Nearshore Americas

Kraft Keeps Latin America Plans Secret: Is There Something They’re Trying to Hide?

In March came a major announcement; in June there is silence. Kraft Foods, basking in the glow from significant business growth in Latin America, apparently has created two new shared services operations centers there.  However, the company is unwilling to disclose any details about the centers, despite the fact that in March at the Shared Services and Outsourcing Week program in Orlando, Mark C. Johnson, Vice President, Enterprise Shared Services, told a packed room that Kraft was transitioning from a “local to a global approach to shared services” and as part of that evolution, was establishing two new centers in Latin America.  But the company won’t comment at all about them now.

Usually, upon entering a new market or establishing a significant presence in a growing location, the corporation announces the opening and congratulates itself on the selection with fanfare.  As Kraft Foods did when they trumpeted a recent investment in an operational facility in Brazil, proudly quantifying the new jobs created, the plant’s eco-friendly attributes, and contributions the company made to the local community.Start of Journey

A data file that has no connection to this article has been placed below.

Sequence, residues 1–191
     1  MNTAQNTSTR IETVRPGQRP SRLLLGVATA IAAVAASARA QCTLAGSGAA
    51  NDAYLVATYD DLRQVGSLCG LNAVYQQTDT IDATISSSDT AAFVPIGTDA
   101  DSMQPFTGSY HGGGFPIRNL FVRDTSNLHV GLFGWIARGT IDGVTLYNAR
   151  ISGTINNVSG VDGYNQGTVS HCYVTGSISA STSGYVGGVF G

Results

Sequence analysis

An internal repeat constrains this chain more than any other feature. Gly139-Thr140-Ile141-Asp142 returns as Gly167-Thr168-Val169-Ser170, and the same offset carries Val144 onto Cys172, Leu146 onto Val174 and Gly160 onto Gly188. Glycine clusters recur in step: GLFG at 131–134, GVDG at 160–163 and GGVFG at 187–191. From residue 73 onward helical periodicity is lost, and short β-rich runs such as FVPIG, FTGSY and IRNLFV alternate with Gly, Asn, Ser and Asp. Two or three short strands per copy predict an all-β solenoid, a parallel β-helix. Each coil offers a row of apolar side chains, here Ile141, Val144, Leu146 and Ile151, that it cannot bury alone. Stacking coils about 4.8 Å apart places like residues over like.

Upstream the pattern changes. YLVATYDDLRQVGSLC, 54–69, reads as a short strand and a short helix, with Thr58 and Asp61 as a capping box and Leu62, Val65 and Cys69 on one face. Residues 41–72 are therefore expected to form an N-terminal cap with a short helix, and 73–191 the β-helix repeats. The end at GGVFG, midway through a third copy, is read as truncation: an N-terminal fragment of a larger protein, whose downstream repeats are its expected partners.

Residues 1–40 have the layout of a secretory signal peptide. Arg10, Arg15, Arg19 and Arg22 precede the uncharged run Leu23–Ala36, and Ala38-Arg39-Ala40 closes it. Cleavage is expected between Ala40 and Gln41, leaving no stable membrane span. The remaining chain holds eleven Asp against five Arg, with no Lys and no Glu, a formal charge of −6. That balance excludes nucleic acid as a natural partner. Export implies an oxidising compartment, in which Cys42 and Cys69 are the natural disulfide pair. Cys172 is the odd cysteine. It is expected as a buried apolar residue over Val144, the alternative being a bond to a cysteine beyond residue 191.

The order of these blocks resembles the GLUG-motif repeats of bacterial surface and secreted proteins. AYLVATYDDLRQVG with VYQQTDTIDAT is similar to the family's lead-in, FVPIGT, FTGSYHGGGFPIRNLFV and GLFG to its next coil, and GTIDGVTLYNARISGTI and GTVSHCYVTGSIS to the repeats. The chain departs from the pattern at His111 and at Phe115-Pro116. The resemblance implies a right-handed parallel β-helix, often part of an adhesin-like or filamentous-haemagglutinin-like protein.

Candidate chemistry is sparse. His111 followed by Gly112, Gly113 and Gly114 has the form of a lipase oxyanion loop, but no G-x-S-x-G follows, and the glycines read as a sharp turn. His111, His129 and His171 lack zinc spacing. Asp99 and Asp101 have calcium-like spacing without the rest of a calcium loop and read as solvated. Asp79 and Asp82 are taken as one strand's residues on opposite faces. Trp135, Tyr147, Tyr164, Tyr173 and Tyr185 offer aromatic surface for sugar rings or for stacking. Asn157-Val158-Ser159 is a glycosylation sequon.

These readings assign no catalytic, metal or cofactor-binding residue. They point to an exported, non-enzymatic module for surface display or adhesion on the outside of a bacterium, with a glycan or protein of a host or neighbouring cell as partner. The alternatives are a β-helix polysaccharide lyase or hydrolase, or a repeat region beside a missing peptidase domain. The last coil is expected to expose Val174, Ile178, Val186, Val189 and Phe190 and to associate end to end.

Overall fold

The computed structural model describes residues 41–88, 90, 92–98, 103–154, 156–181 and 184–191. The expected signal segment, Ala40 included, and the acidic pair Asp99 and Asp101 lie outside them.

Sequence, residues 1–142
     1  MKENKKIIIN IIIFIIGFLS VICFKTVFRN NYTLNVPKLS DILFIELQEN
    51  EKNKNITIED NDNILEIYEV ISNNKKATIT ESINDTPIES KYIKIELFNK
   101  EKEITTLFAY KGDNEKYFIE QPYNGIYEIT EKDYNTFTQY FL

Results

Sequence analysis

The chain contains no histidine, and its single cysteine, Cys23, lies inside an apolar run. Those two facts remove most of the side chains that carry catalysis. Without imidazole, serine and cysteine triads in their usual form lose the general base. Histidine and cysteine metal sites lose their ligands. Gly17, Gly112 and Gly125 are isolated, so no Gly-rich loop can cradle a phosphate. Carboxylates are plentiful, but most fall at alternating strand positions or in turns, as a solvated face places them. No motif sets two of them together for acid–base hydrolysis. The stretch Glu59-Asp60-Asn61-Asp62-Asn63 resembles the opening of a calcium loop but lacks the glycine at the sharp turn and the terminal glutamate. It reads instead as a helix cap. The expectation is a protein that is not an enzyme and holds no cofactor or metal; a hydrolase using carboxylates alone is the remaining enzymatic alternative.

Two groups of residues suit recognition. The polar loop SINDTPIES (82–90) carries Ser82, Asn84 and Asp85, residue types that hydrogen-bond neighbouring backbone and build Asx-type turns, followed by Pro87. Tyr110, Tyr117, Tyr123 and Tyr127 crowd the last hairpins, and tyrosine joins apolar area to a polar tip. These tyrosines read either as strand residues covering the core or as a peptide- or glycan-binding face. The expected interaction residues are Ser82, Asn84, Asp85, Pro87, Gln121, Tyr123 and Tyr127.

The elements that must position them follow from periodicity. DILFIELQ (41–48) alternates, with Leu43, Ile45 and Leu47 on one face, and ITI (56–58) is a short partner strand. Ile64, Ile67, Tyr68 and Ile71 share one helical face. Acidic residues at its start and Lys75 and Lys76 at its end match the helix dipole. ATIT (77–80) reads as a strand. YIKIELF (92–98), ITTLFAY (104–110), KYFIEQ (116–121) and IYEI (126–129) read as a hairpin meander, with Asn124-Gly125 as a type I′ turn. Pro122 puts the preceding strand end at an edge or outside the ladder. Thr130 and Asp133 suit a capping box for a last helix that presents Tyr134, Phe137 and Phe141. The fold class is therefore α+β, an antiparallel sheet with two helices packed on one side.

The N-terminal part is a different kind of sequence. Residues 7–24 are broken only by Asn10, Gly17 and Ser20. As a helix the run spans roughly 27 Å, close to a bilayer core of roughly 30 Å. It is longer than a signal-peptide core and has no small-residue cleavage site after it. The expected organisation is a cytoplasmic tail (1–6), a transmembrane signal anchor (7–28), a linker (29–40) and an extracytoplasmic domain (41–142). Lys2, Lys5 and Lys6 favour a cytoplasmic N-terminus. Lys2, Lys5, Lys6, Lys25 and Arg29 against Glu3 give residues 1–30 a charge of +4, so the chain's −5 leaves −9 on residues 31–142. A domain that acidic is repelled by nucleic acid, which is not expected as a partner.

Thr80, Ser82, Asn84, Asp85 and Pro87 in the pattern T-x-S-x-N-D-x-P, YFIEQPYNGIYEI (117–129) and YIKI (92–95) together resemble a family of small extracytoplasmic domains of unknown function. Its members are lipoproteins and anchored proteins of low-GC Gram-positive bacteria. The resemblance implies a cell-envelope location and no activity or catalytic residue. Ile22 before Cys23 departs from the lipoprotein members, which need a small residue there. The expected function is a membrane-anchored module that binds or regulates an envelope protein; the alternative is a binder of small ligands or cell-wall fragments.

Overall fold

At the March conference, Johnson detailed the company’s approach to shared services from the mid-1990’s, when Kraft Foods began to provide domestic payroll, HR administration and accounts payable services from a center in San Antonio, Texas, to the 2009 creation of a globally focused Enterprise Shared Services organization “providing a balanced set of services based on unique functional requirements.”

He told the audience that Kraft Foods was reaching a mature level of sourcing optimization, having centralized, standardized, and automated, while progressing through stages of multiple independent shared services locations providing a variety of services to regionalization and towards globalization.  He said that at maturity, the globally optimized sourcing organization could provide up to 35% cost savings.

Johnson spoke of the two newest centers in Central and South America, but didn’t identify where they were located.  A map included in his presentation shows centers situated in two locations that appear to be Panama and the border between Brazil and Venezuela, but actual countries and cities cannot be identified.